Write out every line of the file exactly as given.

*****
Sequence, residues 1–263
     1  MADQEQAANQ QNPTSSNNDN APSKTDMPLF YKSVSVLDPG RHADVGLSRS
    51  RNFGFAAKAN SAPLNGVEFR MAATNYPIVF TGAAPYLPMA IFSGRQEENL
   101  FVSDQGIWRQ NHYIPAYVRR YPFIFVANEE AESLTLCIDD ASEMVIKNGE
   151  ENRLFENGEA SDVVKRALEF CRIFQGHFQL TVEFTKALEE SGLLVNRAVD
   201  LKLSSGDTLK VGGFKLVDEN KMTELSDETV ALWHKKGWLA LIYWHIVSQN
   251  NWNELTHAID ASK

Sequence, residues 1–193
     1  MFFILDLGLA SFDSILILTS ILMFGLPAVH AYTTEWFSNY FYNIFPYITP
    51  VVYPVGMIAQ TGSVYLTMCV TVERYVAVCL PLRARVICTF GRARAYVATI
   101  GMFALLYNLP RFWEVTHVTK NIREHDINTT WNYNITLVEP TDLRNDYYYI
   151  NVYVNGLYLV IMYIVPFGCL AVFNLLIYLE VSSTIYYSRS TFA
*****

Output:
Sequence, residues 1–263
     1  MADQEQAANQ QNPTSSNNDN APSKTDMPLF YKSVSVLDPG RHADVGLSRS
    51  RNFGFAAKAN SAPLNGVEFR MAATNYPIVF TGAAPYLPMA IFSGRQEENL
   101  FVSDQGIWRQ NHYIPAYVRR YPFIFVANEE AESLTLCIDD ASEMVIKNGE
   151  ENRLFENGEA SDVVKRALEF CRIFQGHFQL TVEFTKALEE SGLLVNRAVD
   201  LKLSSGDTLK VGGFKLVDEN KMTELSDETV ALWHKKGWLA LIYWHIVSQN
   251  NWNELTHAID ASK

Sequence, residues 1–193
     1  MFFILDLGLA SFDSILILTS ILMFGLPAVH AYTTEWFSNY FYNIFPYITP
    51  VVYPVGMIAQ TGSVYLTMCV TVERYVAVCL PLRARVICTF GRARAYVATI
   101  GMFALLYNLP RFWEVTHVTK NIREHDINTT WNYNITLVEP TDLRNDYYYI
   151  NVYVNGLYLV IMYIVPFGCL AVFNLLIYLE VSSTIYYSRS TFA